I am organizing two sessions on Piers Plowman at the 2014 International Congress on Medieval Studies at Kalamazoo: “Langland’s Line” and “Piers Plowman and the Rich.” The first session concerns the poem’s meter; the second, the poem’s intersections with social history. These two sessions are sponsored by International Piers Plowman Society, which is also sponsoring a session on “Langland in Time” and a roundtable on teaching Piers Plowman. Descriptions of all four sessions will be posted at the Society’s website. Paper proposals by 1 Sept.
Piers Plowman and the Rich
This session proposes that a class of persons whom Langland simply called “the rich” constitute an insufficiently analyzed component of the poet’s implied and intended audience. Phrases of explicit address—that is, ye riche and variants—occur about a dozen times in the Athlone edition of the C Version, beginning in Passus 1 with Holy Church’s advice, “Forthi I rede 3ow riche . haueth reuthe on þe pore.” While the poem’s complex attention to and opinions about the poor have rightly commanded the attention of modern readers, its locutionary acts of addressing and advising the rich have rarely received sustained analysis.
This session invites paper proposals that take up questions such as the following: Does Piers Plowman present a coherent opinion of and message for the rich? (And who are the rich? How does this designation intersect with other identity markers, such as gender and clerical/lay status?) Are there notable differences in advice for or views on the rich, either between actants within the poem, between versions of the poem (scribal or authorial), or between the poem and other contemporary discourse? To what genres do the poem’s acts of address belong? What light do they throw on Piers Plowman‘s relation to satire, prophecy, preaching, or advice to princes? What relations can we draw between the poem’s internal acts of address and its material circulation among lay and ecclesiastical ‘possessioners’ (as observed by Anne Middleton)? Finally, does a fuller assessment of these issues enable a fresh take on the problem of Langland’s patronage?
For readers of Piers Plowman, this session title is likely to evoke the alliterating alternatives, “Piers Plowman and the poor” (title of a 2004 monograph by Anne M. Scott) or “poverty and poor people in Piers Plowman” (title of a 1988 essay by Derek Pearsall). By building on this scholarship, the present session hopes to clarify Piers Plowman‘s imbrication within problems of wealth, class, and government.
What do we mean when we say that Piers Plowman is written in alliterative verse? The metrical form of late Middle English alliterative verse has been substantially clarified in the last twenty-five years, thanks to a run of highly productive research activity for which Thomas Cable has provided a valuable review (YLS 23: 243–64). However, the scholarship to date has devoted its attention most productively to the “formal corpus” of alliterative verse—that is, to a group of poems always recognized as more regular than Piers Plowman. As a result, the task of clarifying Piers Plowman‘s metrical form is interpretable, at least initially, as a problem of comparison: that is, a testing of Langland’s verse against the metrical norms evident in poems of the formal corpus.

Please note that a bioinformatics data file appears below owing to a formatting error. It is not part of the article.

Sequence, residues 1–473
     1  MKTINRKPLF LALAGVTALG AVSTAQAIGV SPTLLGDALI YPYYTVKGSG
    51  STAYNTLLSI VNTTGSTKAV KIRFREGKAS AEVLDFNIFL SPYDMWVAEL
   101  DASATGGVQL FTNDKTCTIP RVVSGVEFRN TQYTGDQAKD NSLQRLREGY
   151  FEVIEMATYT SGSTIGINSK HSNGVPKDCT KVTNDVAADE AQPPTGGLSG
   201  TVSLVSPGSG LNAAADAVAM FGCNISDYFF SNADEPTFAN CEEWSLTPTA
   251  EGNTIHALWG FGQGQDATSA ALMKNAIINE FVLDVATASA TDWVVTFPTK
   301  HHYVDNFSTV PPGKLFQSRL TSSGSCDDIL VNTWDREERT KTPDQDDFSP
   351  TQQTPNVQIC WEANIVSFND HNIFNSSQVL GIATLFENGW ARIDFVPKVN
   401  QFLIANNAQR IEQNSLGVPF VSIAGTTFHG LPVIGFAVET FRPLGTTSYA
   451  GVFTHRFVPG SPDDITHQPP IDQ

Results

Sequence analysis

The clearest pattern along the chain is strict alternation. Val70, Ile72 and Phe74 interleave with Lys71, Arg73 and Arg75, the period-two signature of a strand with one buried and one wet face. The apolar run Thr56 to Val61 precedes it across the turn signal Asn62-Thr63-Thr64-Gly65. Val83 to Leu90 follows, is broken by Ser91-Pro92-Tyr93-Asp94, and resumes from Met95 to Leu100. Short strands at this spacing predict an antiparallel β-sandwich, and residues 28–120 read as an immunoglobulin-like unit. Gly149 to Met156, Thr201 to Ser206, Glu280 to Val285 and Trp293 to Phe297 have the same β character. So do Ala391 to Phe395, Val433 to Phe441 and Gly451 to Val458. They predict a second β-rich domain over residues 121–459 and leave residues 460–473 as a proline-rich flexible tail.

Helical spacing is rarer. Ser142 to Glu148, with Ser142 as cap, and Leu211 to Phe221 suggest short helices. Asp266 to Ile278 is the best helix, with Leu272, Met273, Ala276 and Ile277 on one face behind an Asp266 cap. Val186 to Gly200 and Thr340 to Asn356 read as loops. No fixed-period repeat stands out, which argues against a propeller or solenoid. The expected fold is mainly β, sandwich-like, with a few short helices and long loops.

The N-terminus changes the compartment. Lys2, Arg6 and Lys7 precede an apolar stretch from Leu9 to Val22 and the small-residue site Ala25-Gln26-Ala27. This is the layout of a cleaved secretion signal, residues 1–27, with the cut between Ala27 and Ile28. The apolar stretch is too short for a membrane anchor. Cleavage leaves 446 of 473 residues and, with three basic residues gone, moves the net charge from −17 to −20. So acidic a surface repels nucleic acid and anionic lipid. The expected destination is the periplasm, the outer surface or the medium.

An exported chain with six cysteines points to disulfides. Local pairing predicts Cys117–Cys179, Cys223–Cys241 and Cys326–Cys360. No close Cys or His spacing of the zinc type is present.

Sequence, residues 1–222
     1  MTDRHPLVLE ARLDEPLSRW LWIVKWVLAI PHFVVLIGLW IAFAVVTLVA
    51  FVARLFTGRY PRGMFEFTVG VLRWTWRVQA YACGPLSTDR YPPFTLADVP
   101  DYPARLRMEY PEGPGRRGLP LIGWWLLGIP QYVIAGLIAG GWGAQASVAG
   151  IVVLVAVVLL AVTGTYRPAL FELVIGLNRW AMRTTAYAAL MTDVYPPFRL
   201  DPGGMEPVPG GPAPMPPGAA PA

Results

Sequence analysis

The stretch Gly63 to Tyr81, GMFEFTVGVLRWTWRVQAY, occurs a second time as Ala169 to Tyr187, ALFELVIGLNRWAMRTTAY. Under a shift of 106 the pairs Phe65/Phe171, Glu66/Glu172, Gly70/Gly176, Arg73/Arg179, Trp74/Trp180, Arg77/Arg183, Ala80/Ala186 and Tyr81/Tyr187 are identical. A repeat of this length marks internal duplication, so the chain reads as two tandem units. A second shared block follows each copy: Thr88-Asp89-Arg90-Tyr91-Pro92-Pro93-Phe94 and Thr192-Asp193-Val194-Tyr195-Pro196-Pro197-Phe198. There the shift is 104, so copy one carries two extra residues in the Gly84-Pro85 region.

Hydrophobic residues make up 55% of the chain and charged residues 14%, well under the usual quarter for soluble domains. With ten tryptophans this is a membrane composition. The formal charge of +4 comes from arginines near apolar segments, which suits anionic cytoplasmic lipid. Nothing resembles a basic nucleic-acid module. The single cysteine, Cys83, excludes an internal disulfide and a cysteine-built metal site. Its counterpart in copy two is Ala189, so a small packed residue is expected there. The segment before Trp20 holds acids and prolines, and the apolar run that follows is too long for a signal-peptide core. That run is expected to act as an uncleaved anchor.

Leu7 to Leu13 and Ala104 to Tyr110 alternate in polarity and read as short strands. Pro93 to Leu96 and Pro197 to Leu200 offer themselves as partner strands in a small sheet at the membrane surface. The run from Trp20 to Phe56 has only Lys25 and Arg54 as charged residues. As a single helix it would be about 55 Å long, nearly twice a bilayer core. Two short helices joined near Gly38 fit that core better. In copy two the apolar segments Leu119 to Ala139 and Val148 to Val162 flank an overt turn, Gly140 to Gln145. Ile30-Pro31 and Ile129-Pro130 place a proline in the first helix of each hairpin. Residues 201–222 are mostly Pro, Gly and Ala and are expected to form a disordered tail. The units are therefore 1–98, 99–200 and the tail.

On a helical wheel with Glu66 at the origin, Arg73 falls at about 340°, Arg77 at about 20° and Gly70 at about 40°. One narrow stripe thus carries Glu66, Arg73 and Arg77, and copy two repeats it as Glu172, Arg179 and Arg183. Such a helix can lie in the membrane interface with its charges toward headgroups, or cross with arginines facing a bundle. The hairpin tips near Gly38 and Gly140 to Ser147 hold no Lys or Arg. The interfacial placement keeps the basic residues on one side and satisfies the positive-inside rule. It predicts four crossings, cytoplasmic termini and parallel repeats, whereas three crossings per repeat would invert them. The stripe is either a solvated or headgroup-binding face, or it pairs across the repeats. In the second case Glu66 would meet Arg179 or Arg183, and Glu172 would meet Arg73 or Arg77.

This difficult research program was pioneered by Hoyt Duggan. In recent years the problem has received fresh attention from Stephen Barney (YLS 23: 277–88), J.A. Burrow (N&Q 59.3: 316–320, YLS 25: 117–129) and Nicolay Yakovlev (YLS 23: 237–39). This work, which is only just beginning, promises to change the way that we understand Langland’s verse form and his relation to the alliterative tradition; it will also have implications for our understanding of the alliterative tradition itself, and for our assessment of the surviving textual witnesses of Langland’s poem. Finally, as Macklin Smith has observed (YLS 22: 98-99), metrical scholarship to date has been able to gain traction on Langland’s line only by treating him as a monolingual writer. Even if the bracketing of Latin is excusable as a research expedient (that is, as a way of isolating problems one has some hope of solving) it is clear that any account of Langland’s versification will remain incomplete for as long as we omit an account of its multilingual interfaces.
This session invites paper proposals that explore questions such as the following: what significance should we give to Piers Plowman‘s relatively longer line length, compared against poems of the formal corpus? Does Piers Plowman have three-lift b-verses and, if so, should these lines be understood as a loosening of versification norms or as an expression of ambivalences internal to the meter of alliterative verse? Does Langland favor syntactic frames that weaken the expression of the line’s metrical caesura? Is it possible to elaborate a typology of Piers Plowman‘s Latin words and phrases, classifying them according to the degree of their integration into the metrical rhythm of the English verse? What phonological assumptions is one entitled to make in scansion of embedded Latin words, phrases, and half-lines? What metrical differences are observable across in the versions of Piers Plowman (scribal or authorial)?